I write in order to find out what I’ve perceived. After I finish writing for the electronic medical record, I have gotten into the habit of turning the monitor around to the patient, so she can read what I have written. I also turn the keyboard around and invite the patient to add what she might want to add, because this is a story about you. They are very enthusiastic about doing that. So what it means is we both can share in this experience of writing toward the discovery of what it is we are telling, letting both of us learn something new by virtue of the representation.

Sometimes I will write beyond the chart, simply if I am still brooding about a patient, I will write what I think is going on. These writings don’t go into the hospital chart, they’re just for me and the patient. When the patient reads what I have written, they will say, you got the names wrong or the date was wrong. But they will say, we left something out. That is when I hear about losses, stillborns, childhood trauma, violence, a lot of death. And also hopes and desires and dreams. So that all of this has a way of getting into the medical work that we do. Without my narrative medicine routines, these aspects would not become part of our care.

I am coming up to the question of, here we are in my office and there are two bodies. We do not talk just about the bodies, but what are bodies for? Or even, what are bodies? When persons get off of the elevator toward the organ transplant unit, they are not just passively bringing their bodies in for care, but they are, rather, becoming with every step. We have learned from the phenomenologists, from Husserl, from Merleau-Ponty from Paul Ricoeur, who challenged Cartesian dualism, that it is through the body that we creatures are able to live in the world. We interact with the world only through our bodies, our senses, our perceptions, and our physical capacity to move through the world not only as passive observers but as dynamic agents who, like Rothko, create our realities by making or interacting with what surrounds us. We create our reality. The reality is not pre-formed before we get to it. We create the reality.

It makes me ask, what is it that gives us the right and privilege and perhaps the burden of existing in space? These are all ways we have found to be existing in space. We have a location in the world. It is through the body that we are placed that gives us, if you will, our GPS. Even before GPS, we all had a global position that is second by second, integral to our definition of self. So we know that our bodies do not just carry us around. They are not just vehicles, but rather they hold and curate our past toward that dynamic, fleeting, ever-changing-in-the-light thing that is the self, the person, the identity, the me. As the memories and the scars and the pleasures that we have experienced incarnate what we have lived through, so this body, this self is all we have at Augustine's razor-thin present trajected toward the blooming unknown future.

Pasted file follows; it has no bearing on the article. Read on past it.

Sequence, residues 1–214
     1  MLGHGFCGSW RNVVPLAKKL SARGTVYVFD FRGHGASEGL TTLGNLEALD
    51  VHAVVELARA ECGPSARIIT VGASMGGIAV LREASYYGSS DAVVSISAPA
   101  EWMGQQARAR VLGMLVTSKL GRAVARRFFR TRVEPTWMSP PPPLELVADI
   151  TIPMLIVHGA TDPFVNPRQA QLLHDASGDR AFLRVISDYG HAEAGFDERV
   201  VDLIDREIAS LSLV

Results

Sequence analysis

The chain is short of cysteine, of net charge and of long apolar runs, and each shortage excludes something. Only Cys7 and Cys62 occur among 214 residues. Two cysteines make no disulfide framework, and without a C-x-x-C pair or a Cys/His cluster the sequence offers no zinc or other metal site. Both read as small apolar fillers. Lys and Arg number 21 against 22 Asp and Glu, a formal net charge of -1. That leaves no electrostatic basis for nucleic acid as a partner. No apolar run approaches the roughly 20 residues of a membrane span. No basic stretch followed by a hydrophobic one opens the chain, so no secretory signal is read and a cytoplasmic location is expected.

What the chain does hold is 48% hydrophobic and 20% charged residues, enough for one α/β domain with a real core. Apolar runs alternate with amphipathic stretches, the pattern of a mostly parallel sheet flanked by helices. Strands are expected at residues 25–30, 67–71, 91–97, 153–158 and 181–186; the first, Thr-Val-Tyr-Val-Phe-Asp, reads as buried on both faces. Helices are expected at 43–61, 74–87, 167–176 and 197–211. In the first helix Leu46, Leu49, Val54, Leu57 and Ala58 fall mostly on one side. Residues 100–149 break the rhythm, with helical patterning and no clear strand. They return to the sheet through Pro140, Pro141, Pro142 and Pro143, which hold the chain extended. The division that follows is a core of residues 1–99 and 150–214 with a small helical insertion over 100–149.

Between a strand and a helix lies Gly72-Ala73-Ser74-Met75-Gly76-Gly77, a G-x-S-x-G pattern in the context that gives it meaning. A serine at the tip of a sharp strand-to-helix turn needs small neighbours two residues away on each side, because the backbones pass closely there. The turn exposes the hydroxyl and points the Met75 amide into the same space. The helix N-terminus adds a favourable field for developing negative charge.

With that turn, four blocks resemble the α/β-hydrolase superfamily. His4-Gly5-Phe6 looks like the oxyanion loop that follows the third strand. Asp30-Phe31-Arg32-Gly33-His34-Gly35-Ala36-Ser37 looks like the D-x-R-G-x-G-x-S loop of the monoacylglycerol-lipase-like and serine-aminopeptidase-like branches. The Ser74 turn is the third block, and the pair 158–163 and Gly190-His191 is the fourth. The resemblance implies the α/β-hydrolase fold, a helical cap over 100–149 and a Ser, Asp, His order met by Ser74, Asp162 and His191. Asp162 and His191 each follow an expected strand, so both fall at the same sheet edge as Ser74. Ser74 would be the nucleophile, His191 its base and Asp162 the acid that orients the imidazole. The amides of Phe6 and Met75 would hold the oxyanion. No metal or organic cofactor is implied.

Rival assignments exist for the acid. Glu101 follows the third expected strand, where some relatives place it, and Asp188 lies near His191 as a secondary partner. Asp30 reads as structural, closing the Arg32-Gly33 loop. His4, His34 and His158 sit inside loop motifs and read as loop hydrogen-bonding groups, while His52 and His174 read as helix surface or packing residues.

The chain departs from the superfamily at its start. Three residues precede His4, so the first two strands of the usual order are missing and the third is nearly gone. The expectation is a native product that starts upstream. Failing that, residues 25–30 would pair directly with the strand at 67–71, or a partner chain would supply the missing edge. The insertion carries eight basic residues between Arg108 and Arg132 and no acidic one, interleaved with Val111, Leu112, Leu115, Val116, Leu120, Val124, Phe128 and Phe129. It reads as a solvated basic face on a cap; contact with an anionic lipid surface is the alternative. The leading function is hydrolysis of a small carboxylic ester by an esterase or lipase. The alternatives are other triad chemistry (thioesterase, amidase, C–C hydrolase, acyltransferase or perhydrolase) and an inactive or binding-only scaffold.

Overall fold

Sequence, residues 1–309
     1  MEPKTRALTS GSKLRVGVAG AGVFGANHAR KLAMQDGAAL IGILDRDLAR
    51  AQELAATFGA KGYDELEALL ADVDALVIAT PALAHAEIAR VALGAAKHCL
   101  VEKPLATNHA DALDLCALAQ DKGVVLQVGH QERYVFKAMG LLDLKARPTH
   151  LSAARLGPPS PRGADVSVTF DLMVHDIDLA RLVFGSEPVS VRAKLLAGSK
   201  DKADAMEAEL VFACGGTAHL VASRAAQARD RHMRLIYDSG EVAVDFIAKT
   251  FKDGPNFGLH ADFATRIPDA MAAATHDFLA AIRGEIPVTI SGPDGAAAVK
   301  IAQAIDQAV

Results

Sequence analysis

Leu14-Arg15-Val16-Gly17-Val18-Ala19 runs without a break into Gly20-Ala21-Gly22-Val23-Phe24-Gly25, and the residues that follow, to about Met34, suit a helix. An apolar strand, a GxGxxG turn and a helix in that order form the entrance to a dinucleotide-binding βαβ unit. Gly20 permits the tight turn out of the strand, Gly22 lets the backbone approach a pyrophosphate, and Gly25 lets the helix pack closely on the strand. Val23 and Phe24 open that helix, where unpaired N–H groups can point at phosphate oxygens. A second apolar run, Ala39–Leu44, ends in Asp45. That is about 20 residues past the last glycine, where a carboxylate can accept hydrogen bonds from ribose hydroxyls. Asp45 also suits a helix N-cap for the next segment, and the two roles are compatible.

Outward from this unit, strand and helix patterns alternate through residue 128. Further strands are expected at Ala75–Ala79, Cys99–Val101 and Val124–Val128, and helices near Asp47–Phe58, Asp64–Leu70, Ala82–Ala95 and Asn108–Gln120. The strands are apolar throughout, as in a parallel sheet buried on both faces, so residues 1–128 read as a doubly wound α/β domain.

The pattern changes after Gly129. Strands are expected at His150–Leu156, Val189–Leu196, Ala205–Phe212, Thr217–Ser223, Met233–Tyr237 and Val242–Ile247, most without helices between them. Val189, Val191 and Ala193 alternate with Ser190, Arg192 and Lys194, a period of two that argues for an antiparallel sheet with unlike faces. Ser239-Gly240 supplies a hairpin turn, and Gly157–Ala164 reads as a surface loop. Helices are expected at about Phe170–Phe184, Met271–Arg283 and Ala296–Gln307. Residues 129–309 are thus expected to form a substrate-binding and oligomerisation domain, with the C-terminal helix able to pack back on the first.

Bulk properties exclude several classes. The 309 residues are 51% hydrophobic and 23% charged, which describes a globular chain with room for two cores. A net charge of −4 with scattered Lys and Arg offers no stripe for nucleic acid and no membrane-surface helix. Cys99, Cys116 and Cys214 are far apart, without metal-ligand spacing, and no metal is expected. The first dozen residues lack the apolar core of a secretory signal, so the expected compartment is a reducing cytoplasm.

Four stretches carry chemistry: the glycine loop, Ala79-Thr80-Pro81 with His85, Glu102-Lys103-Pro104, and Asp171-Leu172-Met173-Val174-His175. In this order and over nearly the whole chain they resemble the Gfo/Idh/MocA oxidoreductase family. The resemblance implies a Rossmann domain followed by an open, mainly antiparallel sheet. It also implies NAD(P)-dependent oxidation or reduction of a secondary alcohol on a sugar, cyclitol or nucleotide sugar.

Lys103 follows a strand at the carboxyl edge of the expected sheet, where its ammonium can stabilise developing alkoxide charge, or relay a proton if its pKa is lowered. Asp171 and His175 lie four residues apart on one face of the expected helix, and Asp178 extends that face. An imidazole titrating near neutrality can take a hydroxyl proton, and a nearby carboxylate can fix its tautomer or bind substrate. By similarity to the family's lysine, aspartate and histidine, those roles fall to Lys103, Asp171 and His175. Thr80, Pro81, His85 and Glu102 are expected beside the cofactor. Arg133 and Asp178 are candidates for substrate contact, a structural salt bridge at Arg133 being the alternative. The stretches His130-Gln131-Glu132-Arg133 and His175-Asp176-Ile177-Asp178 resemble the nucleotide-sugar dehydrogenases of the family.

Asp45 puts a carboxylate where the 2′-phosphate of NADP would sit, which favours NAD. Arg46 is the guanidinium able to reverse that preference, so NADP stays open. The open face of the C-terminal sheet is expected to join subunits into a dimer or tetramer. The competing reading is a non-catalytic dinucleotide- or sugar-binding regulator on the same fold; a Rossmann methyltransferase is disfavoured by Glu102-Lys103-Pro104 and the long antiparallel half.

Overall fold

Now you see I have turned from space to time. Hasegawa Tohaku, it’s called Pine Trees, it’s from 1595. I showed this to a group of Japanese clinicians in Tokyo. In Japan, the pine tree is a symbol of vitality, virility, strength, masculinity. I look at this and I see some healthy pine trees, some seem to be falling, some are enshrouded in mist, some look like ghosts of pine trees. One of the Japanese doctors corrected me. He says, “no, they are all the same tree." Yes? So we are reminded here, both the inevitability of the flower and the decline in a life in time, but also the timelessness, the synchronic “all-at-oneness” of the living. I still have the heart that I had when I was three. This impresses me. So the time and the timelessness are together in this image. Medicine can sometimes be mistaken for the science that will deliver us from time, expand the lifespan: If you die before there is a cure for your disease we can freeze you and thaw you when there is a cure. If I may paraphrase what literary scholar, George Lucaks said about the novel, “we might almost say that the entire inner action of medicine is nothing but the struggle against the power of time.”

Here is a story about time and space. “What had the man had, to by the loss of it so bleed and yet live?” A man stands at the graveside of the woman who loved him. May Bartram has to die her hematological death in order for our man, John Marcher, to recognize her love and his failure to have loved her back. Not until he sees the face, ravaged by grief at the neighboring gravesite in London, does he realize what he has wasted. Henry James's savage short story, “The Beast in the Jungle” shocks its reader into attention. The couple looks ordinary to the outside, and yet they tiptoe their days around a maniacally held conviction that some absolutely terrible, grand thing will befall Marcher, that he has to be saved for something less banal than love and marriage. The reader gradually recognizes Marcher as a weak, deluded man, afraid of true emotion, and May as a woman who, to her tragic misfortune, has, as the narrator puts it, a screw loose for him.